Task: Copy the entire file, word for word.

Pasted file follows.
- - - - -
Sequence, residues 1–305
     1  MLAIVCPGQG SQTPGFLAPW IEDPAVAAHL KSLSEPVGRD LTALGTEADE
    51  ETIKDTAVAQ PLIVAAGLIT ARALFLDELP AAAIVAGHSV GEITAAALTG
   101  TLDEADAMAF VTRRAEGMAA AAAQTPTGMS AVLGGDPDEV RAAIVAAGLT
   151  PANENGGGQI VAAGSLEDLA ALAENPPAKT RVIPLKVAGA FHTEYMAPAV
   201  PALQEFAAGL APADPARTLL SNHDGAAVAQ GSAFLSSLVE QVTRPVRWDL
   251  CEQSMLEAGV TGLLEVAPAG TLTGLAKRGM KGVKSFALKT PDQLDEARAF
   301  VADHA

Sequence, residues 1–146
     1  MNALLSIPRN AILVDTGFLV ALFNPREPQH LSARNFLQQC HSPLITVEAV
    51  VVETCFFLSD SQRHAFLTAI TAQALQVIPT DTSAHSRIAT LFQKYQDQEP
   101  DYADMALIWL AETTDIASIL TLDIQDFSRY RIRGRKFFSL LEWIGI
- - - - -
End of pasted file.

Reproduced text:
Sequence, residues 1–305
     1  MLAIVCPGQG SQTPGFLAPW IEDPAVAAHL KSLSEPVGRD LTALGTEADE
    51  ETIKDTAVAQ PLIVAAGLIT ARALFLDELP AAAIVAGHSV GEITAAALTG
   101  TLDEADAMAF VTRRAEGMAA AAAQTPTGMS AVLGGDPDEV RAAIVAAGLT
   151  PANENGGGQI VAAGSLEDLA ALAENPPAKT RVIPLKVAGA FHTEYMAPAV
   201  PALQEFAAGL APADPARTLL SNHDGAAVAQ GSAFLSSLVE QVTRPVRWDL
   251  CEQSMLEAGV TGLLEVAPAG TLTGLAKRGM KGVKSFALKT PDQLDEARAF
   301  VADHA

Sequence, residues 1–146
     1  MNALLSIPRN AILVDTGFLV ALFNPREPQH LSARNFLQQC HSPLITVEAV
    51  VVETCFFLSD SQRHAFLTAI TAQALQVIPT DTSAHSRIAT LFQKYQDQEP
   101  DYADMALIWL AETTDIASIL TLDIQDFSRY RIRGRKFFSL LEWIGI